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|June 9, 1998||
Chirac airs differences with US over sanctions
French President Jacques Chirac has publicly differed with the United States on its policy of slapping nuclear- related sanctions on India and Pakistan, and instead favoured a dialogue to persuade the two countries to sign the Comprehensive Test Ban Treaty.
In a television interview in Washington last night, he hoped that the two South Asian nations would sign the CTBT and agree to join the Fissile Material Cut-off Treaty.
When his attention was drawn to their adverse reactions of India and Pakistan to the resolution adopted in Geneva on Friday by the five permanent members of the UN Security Council which, inter alia, asked them to sign the CTBT, he said, ''They reacted badly, I think, for political reasons.''
Chirac: Yes, not for technical reasons. They think that the other nuclear countries humiliate them. And they react. It is a problem of face. They do not want to be humiliated. We must understand that. But I think that if we discuss with them, they can sign the CTBT, the treaty of no more tests. And they could accept the cut-off system. This would be great progress. A new nuclear order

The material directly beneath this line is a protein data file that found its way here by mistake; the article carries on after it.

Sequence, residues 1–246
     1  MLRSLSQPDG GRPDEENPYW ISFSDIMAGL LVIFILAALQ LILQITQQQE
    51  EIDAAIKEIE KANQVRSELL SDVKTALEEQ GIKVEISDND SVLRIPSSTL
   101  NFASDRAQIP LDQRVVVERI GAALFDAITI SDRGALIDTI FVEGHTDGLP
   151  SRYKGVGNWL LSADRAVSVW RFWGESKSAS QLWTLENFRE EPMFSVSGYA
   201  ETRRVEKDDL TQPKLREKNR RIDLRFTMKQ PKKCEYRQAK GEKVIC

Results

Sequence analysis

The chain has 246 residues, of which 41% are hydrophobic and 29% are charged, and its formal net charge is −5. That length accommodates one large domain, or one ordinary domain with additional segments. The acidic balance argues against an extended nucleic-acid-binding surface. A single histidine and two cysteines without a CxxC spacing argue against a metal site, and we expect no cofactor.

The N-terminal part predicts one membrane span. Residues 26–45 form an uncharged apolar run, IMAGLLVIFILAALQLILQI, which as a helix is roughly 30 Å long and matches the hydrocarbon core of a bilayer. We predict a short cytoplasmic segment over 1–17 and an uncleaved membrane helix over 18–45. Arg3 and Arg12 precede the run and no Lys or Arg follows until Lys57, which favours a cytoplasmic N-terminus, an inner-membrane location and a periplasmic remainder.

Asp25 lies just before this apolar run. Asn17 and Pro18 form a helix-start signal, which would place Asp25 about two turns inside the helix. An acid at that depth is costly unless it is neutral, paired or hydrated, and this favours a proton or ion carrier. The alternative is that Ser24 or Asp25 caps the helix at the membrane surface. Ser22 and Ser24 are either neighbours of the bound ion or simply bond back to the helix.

Do you think we are entering a new era now, however, in which there are going to be several new nuclear states in the world?
Chirac: Well, that's the reality.
Excuse me, so do you mean you think there will be others in addition to India and Pakistan?
Chirac: That is a reality. It is possible, I mean. There is a risk. And that's why we cannot change the Non-Proliferation Treaty, because we would open the door to quite a lot of new countries.
When asked as to why France and the other European countries did not join the United States and Japan in imposing economic sanctions on India and Pakistan after they conducted nuclear tests in defiance of public opinion, he said that ''that was not a great difference. And, we think it's not a good way to avoid proliferation''.
He, however, said the imposition or threat of imposition of economic sanctions did not succeed in avoiding the nuclear tests.
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